Southwest Airlines has begun implementing enhanced landing procedures at 11 airports, with an aim of cutting greenhouse gas emissions and reducing delays.
Under the initiative, called Required Navigation Performance (RNP), pilots and dispatchers follow landing patterns specially designed using global positioning systems (GPS).
Southwest said the new procedures should save $16 million a year from operations at the 11 initial airports, with projected savings of over $60 million a year once the program is instituted at all Southwest airports.
Southwest has rolled out the system at nine airports: Birmingham, Boise, Chicago Midway, Los Angeles, Oakland, Oklahoma City, Raleigh-Durham, San Jose and West Palm Beach.
Amarillo and Corpus Christi will begin using RNP on Friday.
Southwest has made the move to comply with an evolving program of changes mandated by the Federal Aviation Administration (FAA).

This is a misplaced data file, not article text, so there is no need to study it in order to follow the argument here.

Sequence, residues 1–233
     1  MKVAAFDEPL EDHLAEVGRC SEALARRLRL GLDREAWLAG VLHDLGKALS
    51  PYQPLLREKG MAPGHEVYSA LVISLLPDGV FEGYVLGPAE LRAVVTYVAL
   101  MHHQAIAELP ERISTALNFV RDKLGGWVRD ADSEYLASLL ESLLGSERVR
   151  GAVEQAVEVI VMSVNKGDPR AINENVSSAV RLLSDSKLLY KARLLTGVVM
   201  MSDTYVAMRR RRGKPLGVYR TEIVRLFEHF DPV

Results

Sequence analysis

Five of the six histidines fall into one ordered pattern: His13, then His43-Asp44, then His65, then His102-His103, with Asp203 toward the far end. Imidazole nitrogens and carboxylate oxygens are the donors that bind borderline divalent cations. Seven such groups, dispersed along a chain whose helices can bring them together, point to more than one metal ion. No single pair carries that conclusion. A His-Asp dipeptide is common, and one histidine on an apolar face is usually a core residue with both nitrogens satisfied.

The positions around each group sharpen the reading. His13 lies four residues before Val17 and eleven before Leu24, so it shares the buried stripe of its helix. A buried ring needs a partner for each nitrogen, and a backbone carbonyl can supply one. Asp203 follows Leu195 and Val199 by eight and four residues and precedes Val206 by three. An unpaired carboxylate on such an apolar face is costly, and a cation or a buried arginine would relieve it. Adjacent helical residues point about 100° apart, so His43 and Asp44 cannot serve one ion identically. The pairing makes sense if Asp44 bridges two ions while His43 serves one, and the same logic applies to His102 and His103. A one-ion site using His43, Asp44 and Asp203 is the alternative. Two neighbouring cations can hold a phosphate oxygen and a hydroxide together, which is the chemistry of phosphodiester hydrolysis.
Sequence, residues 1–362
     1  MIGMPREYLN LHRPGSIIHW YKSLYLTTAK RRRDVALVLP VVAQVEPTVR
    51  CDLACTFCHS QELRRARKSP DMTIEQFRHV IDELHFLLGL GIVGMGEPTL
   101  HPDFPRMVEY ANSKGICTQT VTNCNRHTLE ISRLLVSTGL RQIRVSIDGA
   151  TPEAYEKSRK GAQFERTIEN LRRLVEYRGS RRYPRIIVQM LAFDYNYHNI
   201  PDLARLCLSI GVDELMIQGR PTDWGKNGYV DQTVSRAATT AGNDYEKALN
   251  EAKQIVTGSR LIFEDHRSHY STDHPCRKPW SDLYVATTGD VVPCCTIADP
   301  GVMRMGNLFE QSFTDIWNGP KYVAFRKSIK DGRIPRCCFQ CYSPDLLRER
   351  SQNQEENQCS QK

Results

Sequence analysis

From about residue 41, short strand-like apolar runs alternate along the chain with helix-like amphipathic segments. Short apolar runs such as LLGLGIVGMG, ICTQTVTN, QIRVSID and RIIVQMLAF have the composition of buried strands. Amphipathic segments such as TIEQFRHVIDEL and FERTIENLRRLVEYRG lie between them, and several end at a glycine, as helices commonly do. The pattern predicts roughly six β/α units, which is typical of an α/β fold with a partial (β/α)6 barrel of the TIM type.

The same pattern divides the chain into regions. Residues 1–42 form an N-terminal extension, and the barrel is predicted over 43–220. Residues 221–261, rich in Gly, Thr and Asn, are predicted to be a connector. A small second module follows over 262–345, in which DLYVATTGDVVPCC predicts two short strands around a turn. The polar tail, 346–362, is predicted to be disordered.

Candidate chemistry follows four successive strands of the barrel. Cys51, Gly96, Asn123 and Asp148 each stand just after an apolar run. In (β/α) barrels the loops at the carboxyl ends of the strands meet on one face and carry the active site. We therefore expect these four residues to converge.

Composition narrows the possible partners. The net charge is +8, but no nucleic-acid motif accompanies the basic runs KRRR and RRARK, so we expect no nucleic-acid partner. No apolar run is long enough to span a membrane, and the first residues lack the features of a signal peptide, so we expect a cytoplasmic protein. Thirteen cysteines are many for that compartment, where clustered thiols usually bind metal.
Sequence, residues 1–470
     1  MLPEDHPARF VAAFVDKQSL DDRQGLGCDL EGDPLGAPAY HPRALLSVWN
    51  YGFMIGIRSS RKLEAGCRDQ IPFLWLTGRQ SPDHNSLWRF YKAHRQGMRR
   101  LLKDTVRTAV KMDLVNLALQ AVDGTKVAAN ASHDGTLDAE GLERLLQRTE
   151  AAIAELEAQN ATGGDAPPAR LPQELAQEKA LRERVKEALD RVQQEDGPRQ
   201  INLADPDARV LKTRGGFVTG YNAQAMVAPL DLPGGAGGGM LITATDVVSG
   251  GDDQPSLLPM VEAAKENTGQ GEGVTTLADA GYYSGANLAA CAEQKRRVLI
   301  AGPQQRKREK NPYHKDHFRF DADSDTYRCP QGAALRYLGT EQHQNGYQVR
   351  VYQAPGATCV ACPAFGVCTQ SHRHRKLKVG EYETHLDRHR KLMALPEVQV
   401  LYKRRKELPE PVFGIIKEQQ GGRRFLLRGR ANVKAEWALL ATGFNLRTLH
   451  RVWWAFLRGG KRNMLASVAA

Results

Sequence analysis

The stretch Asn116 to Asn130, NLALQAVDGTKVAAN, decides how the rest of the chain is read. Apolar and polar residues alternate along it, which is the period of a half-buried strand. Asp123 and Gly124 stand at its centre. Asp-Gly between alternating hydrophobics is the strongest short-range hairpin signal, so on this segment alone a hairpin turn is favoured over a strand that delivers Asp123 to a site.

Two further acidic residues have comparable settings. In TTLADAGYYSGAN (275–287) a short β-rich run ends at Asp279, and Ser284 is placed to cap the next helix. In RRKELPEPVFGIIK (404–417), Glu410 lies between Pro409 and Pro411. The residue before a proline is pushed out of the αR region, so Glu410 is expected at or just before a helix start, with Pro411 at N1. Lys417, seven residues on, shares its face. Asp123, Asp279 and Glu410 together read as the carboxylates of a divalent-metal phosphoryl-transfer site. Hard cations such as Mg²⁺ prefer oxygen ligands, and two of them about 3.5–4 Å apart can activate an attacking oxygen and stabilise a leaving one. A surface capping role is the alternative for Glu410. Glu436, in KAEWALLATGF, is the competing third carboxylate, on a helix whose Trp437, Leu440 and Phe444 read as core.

The FAA’s NextGen initiative seeks a nationwide shift in air traffic control methods, from ground-based to satellite-based systems. The agency says this change is vital to meeting future demand and avoiding gridlock.
It says that by 2018, the measures will reduce flight delays by 21 percent and provide $22 billion in cumulative benefits to the traveling public, aircraft operators and the FAA.
NextGen should also reduce the aviation industry’s environmental impact, saving more than 1.4 billion gallons of fuel from air traffic operations alone, and cutting carbon emissions by nearly 14 million tons by 2018, the FAA says
“RNP is a significant step in the future for the NextGen air traffic control system,” said Mike Van de Ven, Southwest’s executive vice president and chief operating officer. “This milestone culminates substantial efforts by our company working with the FAA to position Southwest as a leading participant in a modernized air traffic control system.”
To implement the changes, Southwest has had to modify 345 Boeing 737-700s with new flight display software. It has also had to train more than 5,900 pilots in the new procedures.
“This extensive training allows us to capture RNP procedures as well as provide flexibility in any new aircraft platform we might use in the future,” said Captain Chuck Magill, Southwest’s vice president of flight operations.
Dallas-based Southwest operates over 3,100 flights a day.
Picture credit: James Wang